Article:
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Correctly Used Neonics Do Not Adversely Affect Honeybee Colonies, New Research Finds

The three most widely used neonicotinoid pesticides for flowering crops pose no risk to honeybee colonies when used correctly as seed treatments, according to new studies by University of Guelph researchers. Amid mounting controversy over use of neonicotinoids (neonics) and declining bee population, a new analysis by U of G scientists of previously unpublished studies and reports commissioned by agri-chemical companies Bayer and Syngenta – as well as published papers from the…

Improving Soil, Improving Potatoes

Innovative growers and an agronomist recently teamed up to look at ways to improve the potato crop and the soil. For three years, Bruce and Hunter Wilson gave agronomist John Lightle the go ahead to try some cover crop combinations on their 6,000 acre farm in the Dufferin Highlands of Ontario. The acres are in a prime potato producing area and the growers wanted to maximize their yield while considering other cropping…

A novel option to combat soil erosion

A spring cover crop planted at potato planting time – called a nurse crop – offers a way to reduce soil erosion during the weeks between potato planting and hilling. But what is the optimal way to grow a nurse crop to benefit the soil, the potato crop, and the grower’s bottom line? Researchers and growers in New Brunswick and Maine are working on answering that question. “The best part of the…

Banks: Ontario Variety Trial Results

Ed. note: On Sept. 4, 2017, Eugenia Banks, potato specialist with the Ontario Potato Board, dug up the Beeton (Ontario) Variety Trial plot that was embedded in a grower’s field. These are her observations: The flooding that occurred on June 23, as a result of a five-inch rain, kept the plants under water for 30 hours. I expected  a total loss. However the grower worked hard to save my plot and the…

Feds fund research towards adoption of clean technologies and practices in P.E.I.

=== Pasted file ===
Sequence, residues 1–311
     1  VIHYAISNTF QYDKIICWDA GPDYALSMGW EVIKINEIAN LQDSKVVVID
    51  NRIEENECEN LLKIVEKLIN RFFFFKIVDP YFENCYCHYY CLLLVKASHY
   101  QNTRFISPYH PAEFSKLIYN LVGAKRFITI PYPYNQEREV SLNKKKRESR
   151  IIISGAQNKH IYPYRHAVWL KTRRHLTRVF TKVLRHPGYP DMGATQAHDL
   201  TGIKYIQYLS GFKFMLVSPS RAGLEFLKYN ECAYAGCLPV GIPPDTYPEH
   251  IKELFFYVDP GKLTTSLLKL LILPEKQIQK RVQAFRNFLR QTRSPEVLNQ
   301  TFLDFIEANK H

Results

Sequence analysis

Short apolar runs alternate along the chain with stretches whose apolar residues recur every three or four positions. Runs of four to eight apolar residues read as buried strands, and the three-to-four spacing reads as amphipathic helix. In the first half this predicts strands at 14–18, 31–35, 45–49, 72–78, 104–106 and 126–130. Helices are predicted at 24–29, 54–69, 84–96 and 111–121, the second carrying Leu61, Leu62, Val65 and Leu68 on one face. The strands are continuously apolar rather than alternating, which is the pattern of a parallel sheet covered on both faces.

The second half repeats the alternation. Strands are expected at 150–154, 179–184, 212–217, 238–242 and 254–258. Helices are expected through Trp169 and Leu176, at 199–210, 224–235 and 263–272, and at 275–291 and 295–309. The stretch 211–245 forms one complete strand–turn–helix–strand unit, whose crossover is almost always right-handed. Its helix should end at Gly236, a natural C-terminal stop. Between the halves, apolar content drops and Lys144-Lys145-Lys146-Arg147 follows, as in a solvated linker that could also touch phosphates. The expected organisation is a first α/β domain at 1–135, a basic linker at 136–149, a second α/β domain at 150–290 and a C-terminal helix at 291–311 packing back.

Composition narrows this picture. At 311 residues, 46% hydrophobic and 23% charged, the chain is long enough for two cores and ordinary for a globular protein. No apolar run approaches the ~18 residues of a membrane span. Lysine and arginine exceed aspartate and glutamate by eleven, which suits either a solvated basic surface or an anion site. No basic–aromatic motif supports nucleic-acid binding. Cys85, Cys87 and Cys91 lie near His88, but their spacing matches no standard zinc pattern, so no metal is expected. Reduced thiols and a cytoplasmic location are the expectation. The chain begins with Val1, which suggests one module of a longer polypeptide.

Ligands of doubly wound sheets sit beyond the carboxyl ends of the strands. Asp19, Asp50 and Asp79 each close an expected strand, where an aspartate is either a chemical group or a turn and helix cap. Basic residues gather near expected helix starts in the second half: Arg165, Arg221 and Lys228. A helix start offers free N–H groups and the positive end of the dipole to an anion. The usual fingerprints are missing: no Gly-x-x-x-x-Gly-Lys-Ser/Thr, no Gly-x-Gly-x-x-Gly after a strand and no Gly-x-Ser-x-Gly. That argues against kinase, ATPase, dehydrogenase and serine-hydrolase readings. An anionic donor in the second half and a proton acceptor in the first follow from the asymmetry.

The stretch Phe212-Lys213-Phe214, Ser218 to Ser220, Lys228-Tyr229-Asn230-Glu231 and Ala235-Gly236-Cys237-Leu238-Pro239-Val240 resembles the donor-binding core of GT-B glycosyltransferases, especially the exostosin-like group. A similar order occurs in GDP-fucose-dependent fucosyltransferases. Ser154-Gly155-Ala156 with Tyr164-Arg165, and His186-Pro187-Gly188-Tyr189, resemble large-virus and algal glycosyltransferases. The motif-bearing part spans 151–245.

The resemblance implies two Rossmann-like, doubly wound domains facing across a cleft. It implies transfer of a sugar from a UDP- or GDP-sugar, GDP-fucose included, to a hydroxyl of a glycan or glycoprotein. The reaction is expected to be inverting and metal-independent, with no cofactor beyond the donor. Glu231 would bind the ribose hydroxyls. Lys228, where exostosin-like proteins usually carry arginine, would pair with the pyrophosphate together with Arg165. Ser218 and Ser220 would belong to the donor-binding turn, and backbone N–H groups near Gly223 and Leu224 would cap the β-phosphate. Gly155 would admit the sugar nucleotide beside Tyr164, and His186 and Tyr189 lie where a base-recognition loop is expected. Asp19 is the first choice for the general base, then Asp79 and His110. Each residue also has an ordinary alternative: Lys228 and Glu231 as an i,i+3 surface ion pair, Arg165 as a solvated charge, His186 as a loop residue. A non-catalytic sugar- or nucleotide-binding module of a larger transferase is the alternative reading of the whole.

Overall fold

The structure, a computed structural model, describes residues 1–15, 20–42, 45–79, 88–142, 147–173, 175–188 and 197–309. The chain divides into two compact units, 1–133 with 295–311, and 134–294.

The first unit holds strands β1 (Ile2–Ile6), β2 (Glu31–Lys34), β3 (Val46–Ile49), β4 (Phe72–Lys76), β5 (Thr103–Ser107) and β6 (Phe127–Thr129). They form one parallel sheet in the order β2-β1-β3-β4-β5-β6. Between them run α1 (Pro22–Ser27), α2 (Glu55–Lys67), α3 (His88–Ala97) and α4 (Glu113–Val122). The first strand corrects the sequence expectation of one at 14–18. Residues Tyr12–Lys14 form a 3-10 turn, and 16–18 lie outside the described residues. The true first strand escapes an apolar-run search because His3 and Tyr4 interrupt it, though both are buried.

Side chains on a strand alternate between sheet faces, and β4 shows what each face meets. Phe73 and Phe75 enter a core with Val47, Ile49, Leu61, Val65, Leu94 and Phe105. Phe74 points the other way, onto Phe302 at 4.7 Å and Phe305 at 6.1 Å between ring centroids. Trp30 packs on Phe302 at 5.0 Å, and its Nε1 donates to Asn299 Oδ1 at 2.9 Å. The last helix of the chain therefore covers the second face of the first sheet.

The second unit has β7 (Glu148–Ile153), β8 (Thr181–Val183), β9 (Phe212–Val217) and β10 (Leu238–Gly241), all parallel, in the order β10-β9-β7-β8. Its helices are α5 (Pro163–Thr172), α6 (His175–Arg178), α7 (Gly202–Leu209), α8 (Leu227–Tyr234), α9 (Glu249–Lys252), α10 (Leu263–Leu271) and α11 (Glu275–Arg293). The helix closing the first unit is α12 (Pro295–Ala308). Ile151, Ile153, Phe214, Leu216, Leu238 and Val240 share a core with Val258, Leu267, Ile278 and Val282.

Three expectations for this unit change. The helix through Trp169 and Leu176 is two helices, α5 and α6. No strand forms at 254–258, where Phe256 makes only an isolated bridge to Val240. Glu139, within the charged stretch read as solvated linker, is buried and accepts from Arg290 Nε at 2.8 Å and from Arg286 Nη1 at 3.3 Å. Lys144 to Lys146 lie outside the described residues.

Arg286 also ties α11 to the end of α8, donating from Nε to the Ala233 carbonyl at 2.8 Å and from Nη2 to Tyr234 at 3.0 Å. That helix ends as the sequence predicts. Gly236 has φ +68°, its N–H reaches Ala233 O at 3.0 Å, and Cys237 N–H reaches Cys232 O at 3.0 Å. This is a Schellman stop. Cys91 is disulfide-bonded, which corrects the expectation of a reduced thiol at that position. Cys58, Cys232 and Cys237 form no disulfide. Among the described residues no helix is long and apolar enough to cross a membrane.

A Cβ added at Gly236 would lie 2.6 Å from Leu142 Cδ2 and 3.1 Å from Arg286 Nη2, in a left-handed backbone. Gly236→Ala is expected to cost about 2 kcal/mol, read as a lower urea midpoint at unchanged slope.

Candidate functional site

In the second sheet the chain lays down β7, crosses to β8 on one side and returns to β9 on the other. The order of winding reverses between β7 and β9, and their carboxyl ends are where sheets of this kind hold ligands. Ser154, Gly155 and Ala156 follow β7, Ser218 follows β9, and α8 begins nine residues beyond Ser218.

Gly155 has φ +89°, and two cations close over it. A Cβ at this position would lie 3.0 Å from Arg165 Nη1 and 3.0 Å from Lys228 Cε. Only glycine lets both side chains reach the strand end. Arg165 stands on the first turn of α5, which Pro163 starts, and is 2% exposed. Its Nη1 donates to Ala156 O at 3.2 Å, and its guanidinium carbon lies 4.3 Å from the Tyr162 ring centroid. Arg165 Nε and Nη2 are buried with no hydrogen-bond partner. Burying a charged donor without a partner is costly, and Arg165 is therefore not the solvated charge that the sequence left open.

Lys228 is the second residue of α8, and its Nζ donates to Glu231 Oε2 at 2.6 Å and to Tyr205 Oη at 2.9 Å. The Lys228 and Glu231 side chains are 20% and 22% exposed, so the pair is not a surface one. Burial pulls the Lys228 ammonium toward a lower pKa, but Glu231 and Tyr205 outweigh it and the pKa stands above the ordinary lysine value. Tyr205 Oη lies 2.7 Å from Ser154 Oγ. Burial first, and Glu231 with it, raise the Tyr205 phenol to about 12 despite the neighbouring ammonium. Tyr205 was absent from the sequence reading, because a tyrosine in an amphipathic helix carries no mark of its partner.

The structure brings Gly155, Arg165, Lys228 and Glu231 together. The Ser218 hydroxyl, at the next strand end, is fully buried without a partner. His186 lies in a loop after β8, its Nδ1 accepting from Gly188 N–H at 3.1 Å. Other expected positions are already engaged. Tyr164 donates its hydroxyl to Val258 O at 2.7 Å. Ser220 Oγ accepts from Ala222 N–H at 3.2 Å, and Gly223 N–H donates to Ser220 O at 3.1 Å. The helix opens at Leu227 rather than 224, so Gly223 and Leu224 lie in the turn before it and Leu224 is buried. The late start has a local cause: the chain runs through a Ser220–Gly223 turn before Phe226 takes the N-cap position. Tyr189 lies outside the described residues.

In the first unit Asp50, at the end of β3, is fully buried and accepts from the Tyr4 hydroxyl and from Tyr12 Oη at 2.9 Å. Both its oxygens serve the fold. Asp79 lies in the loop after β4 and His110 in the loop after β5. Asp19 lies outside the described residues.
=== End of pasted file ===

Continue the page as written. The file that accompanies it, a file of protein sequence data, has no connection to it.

Agriculture Minister Lawrence MacAulay today announced an investment of $895,000 to the East Prince Agri-Environment Association to study the beneficial environmental effects of planting willow trees along river banks, as part of potato growing systems in P.E.I. This project with the East Prince Agri-Environment Association is one of 20 new research projects supported by the $27 million Agricultural Greenhouse Gases Program (AGGP), a partnership with universities and conservation groups across Canada. The…

Strain Tracking

Through a national initiative, Canadian researchers have found that late blight strains have shifted dramatically across the country since 2009. The researchers have also identified important differences among the strains in such characteristics as fungicide sensitivity, host preferences, and aggressiveness on potato tubers and foliage. And their findings are making a vital difference in late blight prevention and management. The research is led by Rick Peters, a research scientist with Agriculture and…

Potatoes and Water Management: From Deluge to Drought

Potato producers know all too well that controlling Mother Nature is as likely as reigning in a two year-old. In either case, you’re doomed before you start. At the same time, there are ways to optimize water use efficiency and minimize the damage from floods and droughts. For this edition of Roundtable, Spud Smart assembled five industry experts to discuss the importance of water management to potato production, and how to deal…

Simple and Effective Late Blight Detection

Determining late blight presence and the resulting pressure on potato crops is an ongoing challenge. Usually, potato growers start a preventive fungicide program with broad spectrum fungicides before row closure, which ensures stems and leaves at the base of plants are protected from both early and late blight. If late blight is identified in the field, growers switch to fungicides that specifically target it for enhanced crop protection. But what if it…

Conservation Measures Outperform Conventional Yields

Conventional potato production appears ultimately to produce the highest net return per acre. But you have to weigh that against “conservation” potato production practices that not only grow potatoes, but also do more to improve overall soil quality and health. What is that worth to a producer? That conclusion comes following a 12-year Agriculture and Agri-Food Canada (AAFC) field study comparing conventional irrigated potato production practices and conservation practices that included no…

Convincing the Unconvinced on Precision Agriculture

Precision agriculture is cutting edge, high-tech and full of potential. At least some western Canadian potato farmers, however, see it as overwhelming, costly, frustrating, and/or difficult to implement. If you look past the hype and excitement surrounding precision agriculture, you’ll find a group of farmers who have tried it and quit, or who were turned off the concept before they ever started. Jeff Bronsch, an agronomic consultant in Taber, Alta., understands farmers…

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